Bill Gates: World needs global response system for outbreaks

Billionaire philanthropist Bill Gates is issuing a call to action for countries around the world to create an international response system for future outbreaks, which he said would address the “global failure” to combat Ebola.

As the death toll for Ebola continues to rise, Gates is urging governments and international organizations like the United Nations and NATO to seize the momentum and adopt a new global health strategy.

Gates laid out a blueprint for the global response system Wednesday in the New England Journal of Medicine. His plan focuses on creating a central international institution and building up the basic health systems in poor countries – an ambitious and costly plan that he says would take years of work.

“As the Ebola epidemic fades from the world's attention, we risk missing the opportunity to learn from it,” Gates wrote. “There is a significant chance that an epidemic of a substantially more infectious disease will occur sometime in the next 20 years.”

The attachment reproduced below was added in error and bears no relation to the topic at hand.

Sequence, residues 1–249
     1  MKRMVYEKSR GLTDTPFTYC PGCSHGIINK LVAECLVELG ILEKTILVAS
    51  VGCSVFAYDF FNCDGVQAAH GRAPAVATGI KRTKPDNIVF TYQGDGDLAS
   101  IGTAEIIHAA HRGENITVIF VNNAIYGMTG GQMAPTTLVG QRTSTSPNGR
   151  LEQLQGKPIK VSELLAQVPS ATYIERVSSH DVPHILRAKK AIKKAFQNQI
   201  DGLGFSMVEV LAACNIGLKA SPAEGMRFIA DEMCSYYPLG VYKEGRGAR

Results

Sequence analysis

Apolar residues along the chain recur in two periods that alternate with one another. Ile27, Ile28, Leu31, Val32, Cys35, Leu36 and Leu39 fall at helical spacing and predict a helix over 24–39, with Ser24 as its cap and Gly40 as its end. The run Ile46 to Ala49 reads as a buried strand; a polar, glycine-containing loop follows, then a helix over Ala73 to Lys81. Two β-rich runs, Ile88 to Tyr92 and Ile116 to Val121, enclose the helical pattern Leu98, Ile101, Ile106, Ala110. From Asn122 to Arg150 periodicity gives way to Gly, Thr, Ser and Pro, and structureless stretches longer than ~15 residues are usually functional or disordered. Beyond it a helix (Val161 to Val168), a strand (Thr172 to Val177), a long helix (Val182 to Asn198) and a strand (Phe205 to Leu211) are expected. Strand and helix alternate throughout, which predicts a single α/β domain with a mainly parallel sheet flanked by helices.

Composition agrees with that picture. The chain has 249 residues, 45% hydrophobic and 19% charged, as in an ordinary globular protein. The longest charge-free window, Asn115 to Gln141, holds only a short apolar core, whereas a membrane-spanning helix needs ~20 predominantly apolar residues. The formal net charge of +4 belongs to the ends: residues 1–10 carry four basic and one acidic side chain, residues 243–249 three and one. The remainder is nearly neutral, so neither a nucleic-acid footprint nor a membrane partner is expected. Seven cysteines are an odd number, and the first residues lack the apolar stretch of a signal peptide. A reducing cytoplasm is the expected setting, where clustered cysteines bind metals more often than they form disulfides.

A central part of the strategy is a “global institution” to coordinate all outbreak-related efforts. This body would must be “given enough authority and funding to be effective,” Gates wrote.

That organization would assume many the roles of the United Nations’ health arm, the World Health Organization (WHO), which has faced heavy criticism for its sometimes lagging response to Ebola. Gates describe the WHO’s current response network as “severely understaffed and underfunded.”

His plan would also increase disease-surveillance abilities and laboratory capacity in poor countries, as well as create a stockpile of needed supplies. He also called for countries to maintain a “pool of volunteers” who can be immediately brought in to deal with an outbreak, as well as a trained group of military personnel.

Gates also stresses the need for more research to create new vaccines and treatments. He specifically points to the lack of universal vaccine for influenza, which he said needs a far larger investment.

“There is work being done toward this goal, but it has garnered nowhere near the resources that it deserves,” he said.

He said the response network could also address a potential biothreat.